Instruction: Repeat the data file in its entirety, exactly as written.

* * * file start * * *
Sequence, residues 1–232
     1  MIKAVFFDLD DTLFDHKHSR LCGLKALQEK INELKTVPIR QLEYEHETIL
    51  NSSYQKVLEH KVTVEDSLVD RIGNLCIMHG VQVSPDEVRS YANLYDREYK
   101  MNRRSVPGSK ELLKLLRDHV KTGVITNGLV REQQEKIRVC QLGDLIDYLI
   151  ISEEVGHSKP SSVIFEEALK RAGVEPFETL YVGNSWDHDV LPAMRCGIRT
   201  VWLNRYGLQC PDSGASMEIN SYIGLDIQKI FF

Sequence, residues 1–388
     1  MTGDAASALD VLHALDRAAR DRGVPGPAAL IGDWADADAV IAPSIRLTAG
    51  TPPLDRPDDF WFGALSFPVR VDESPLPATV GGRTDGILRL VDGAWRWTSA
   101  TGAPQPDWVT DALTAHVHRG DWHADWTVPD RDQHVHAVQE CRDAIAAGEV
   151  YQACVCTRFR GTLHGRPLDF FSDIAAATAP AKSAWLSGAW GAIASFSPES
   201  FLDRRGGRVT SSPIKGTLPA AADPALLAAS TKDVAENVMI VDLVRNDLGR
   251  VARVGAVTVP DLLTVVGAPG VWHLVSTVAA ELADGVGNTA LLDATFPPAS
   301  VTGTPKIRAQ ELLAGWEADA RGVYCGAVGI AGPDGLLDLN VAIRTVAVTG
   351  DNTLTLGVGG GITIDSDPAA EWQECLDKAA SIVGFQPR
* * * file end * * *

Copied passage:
Sequence, residues 1–232
     1  MIKAVFFDLD DTLFDHKHSR LCGLKALQEK INELKTVPIR QLEYEHETIL
    51  NSSYQKVLEH KVTVEDSLVD RIGNLCIMHG VQVSPDEVRS YANLYDREYK
   101  MNRRSVPGSK ELLKLLRDHV KTGVITNGLV REQQEKIRVC QLGDLIDYLI
   151  ISEEVGHSKP SSVIFEEALK RAGVEPFETL YVGNSWDHDV LPAMRCGIRT
   201  VWLNRYGLQC PDSGASMEIN SYIGLDIQKI FF

Sequence, residues 1–388
     1  MTGDAASALD VLHALDRAAR DRGVPGPAAL IGDWADADAV IAPSIRLTAG
    51  TPPLDRPDDF WFGALSFPVR VDESPLPATV GGRTDGILRL VDGAWRWTSA
   101  TGAPQPDWVT DALTAHVHRG DWHADWTVPD RDQHVHAVQE CRDAIAAGEV
   151  YQACVCTRFR GTLHGRPLDF FSDIAAATAP AKSAWLSGAW GAIASFSPES
   201  FLDRRGGRVT SSPIKGTLPA AADPALLAAS TKDVAENVMI VDLVRNDLGR
   251  VARVGAVTVP DLLTVVGAPG VWHLVSTVAA ELADGVGNTA LLDATFPPAS
   301  VTGTPKIRAQ ELLAGWEADA RGVYCGAVGI AGPDGLLDLN VAIRTVAVTG
   351  DNTLTLGVGG GITIDSDPAA EWQECLDKAA SIVGFQPR